Heat in a poultice is critical to keep the pores of the skin open to allow for greater penetration of the medicinal compounds. Even though I always start with a hot poultice I typically apply a heating pad over top of it to maintain the heat level constantly. If the poultice is going on an open wound I typically put a healthy amount of minced garlic into the mix. Garlic is both antiseptic and anti-fungal. It does sting a bit though,
The primary method of treating patients with natural substances generally revolves around the homeopathic school of thought. The homeopathic principle states that a patient exhibiting symptoms will be treated with a substance that would cause the same symptom if it were administered in a large dose. For instance, mistletoe leaves and twigs are used in the treatment of epilepsy because in very large dose mistletoe can cause seizures, especially in children. Another example of this methodology would be the Native American tradition of treating fever with a session in a sweat lodge. The herbs or other remedies are, however, generally administered in very small doses but at frequent intervals. The homeopathic method of herbal use is usually summed up in the phrase “fight fire with fire” or “treat like with like.”
If you choose to harvest your own herbs please keep the following information in mind.
- Tree leaves should be gathered before Midsummer. After that, the percentage of natural insecticide in the leaf is too high
- Leaves and Flowers should be gathered on a dry day when the flowers first begin to open. They are always dried in the shade.
- Roots are generally gathered in very early spring or in late fall after the plant has begun to die back.
- Tree barks generally contain the desired medicinal properties in the soft inner layer (cambium) between the sapwood and the dead outer bark, or the bark of the root.
When using Leaves or Flowers
Steep two teaspoons per cup of water for twenty minutes. Strain and store in a refrigerated, airtight container. The dose is generally one-fourth of a cup four times a day, not with meals. Children take one-eighth cup, and infants can receive the herbs through the mother’s milk or in very trace amounts. (taken from A Druid’s Herbal)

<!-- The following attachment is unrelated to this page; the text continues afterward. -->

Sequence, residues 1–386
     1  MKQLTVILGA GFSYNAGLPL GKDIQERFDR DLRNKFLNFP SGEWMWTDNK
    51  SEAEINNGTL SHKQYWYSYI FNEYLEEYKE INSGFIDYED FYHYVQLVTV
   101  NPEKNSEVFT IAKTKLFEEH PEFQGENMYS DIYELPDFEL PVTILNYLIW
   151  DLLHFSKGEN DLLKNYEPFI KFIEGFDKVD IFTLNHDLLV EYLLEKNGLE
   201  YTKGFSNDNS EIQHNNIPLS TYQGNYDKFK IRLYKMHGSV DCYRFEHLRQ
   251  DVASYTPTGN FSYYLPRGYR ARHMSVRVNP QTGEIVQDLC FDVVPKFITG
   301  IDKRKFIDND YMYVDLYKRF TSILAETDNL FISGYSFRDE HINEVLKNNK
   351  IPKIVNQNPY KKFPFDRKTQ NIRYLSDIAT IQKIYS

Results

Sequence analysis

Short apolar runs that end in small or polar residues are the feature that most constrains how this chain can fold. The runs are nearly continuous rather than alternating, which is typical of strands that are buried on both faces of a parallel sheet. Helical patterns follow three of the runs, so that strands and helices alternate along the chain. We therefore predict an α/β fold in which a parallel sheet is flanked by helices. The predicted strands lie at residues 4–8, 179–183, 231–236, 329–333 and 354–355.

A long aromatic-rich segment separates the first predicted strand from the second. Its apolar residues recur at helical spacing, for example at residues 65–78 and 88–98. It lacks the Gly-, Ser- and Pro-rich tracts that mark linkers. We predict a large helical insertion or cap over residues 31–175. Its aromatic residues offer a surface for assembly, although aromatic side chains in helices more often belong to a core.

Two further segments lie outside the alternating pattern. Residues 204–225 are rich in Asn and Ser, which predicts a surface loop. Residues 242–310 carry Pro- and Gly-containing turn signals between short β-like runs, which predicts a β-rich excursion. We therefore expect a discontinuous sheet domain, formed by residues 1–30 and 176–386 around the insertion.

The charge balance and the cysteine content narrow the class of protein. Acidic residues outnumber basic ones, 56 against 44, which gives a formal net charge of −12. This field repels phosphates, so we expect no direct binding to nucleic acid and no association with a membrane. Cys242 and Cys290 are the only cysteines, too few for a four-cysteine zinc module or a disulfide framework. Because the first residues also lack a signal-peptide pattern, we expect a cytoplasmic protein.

When using Roots, Barks, Seeds and Twigs
Simmer two teaspoons of plant matter for twenty minutes, strain, and store as above. The does is one fourth cup, four times a day, not with meals. (taken from A Druid’s Herbal)
Herbal teas will stay fresh in your refrigerator for about one week when stored in an airtight container. (taken from A Druid’s Herbal)
If using a mortar and pestle to combine ingredients or crush material always remember to thoroughly wash both mortar and pestle with soap and water after each use. Rinse profusely to remove all remnants of soap. Always sanitize your mortar and pestle by boiling or lightly dowsing them in alcohol and allowing them to air dry before use. You may consider purchasing a separate mortar and pestle for resins like myrrh, frankincense, copal and dragon’s blood since these elements are difficult to clean out.
Cleanliness and sterility is of the utmost importance when dealing with open wounds, internal medicine and organic compounds that will be stored for long periods of time. Therefore it is of the utmost importance to use high quality alcohol in tinctures and sterilize all equipment to be used before hand.
Use the lowest temperature possible when using heat to prepare herbal remedies.